Self-harm in prisons: dominant models and (mis)understandings Dominant constructions of prisoner self-harm:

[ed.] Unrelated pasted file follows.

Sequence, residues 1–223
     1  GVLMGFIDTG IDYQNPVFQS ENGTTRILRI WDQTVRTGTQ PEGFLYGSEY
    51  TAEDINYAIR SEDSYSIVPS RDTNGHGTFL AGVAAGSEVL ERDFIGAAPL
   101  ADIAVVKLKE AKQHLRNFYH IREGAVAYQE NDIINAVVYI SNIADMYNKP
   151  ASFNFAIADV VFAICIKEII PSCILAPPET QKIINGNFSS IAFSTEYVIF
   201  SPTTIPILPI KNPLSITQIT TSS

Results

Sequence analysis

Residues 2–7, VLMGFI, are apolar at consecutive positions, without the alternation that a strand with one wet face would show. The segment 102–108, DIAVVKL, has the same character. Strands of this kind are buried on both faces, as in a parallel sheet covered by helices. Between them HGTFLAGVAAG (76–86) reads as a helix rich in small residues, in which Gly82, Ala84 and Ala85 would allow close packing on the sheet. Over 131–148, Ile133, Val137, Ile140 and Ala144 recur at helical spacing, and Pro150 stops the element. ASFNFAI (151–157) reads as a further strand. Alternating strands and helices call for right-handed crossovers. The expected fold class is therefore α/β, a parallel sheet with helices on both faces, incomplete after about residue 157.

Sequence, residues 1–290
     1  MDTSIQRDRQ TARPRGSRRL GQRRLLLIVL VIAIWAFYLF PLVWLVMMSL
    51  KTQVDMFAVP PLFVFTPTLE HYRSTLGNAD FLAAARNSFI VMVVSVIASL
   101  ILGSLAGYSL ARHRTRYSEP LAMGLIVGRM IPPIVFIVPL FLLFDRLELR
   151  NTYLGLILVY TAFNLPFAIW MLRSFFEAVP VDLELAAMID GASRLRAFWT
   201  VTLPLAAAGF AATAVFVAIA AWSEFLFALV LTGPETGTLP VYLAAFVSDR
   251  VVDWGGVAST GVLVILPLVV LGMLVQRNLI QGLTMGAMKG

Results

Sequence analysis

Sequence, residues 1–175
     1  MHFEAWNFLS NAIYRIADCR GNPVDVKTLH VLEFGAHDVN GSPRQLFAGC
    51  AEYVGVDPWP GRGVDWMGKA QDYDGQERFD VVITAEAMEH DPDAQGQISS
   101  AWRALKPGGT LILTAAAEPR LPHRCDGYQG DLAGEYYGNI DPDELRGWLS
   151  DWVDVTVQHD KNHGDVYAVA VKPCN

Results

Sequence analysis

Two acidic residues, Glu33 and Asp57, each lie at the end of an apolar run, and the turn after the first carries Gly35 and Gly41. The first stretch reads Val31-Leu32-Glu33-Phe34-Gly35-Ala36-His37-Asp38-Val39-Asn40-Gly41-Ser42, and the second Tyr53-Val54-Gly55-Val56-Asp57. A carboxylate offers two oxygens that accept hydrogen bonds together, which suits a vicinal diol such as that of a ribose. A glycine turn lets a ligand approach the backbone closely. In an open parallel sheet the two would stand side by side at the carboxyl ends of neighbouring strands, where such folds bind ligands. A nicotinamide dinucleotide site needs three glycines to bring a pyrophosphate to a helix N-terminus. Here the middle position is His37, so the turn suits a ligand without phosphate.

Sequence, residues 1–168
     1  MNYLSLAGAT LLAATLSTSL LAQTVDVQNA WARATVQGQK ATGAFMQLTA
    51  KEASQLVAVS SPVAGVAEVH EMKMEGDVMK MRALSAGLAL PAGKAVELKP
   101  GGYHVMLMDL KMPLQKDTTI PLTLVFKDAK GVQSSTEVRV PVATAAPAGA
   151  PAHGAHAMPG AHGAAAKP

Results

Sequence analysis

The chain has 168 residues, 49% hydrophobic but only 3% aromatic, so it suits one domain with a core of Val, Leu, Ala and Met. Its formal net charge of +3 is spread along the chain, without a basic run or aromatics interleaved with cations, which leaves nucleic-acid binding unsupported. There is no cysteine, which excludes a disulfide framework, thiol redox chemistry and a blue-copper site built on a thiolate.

In 2007 alone, over 22,000 incidents of self-harm were recorded in prisons in England and Wales, involving approximately 7,500 prisoners (just under 10 per cent of the average prison population) (Safer Custody Group and Offender Policy Group 2008). Other estimates have suggested that up to 30 per cent of all prisoners have engaged in some form of self-harm during the course of their incarceration, mostly by cutting themselves (Brooker et al. 2002). These rates are thought to be between four and 12 times higher than those reported in the general population (Meltzer et al. 1999; Towl and Hudson 1997), and are failing to decline (Paton and Jenkins 2005; Safer Custody Group 2007) despite the introduction of several preventative initiatives (see HM Prison Service 2005). In the context of an ever-expanding prison population (de Silva et al. 2006), absolute numbers of self-harming incidents – and self-harming prisoners – are likely to increase further.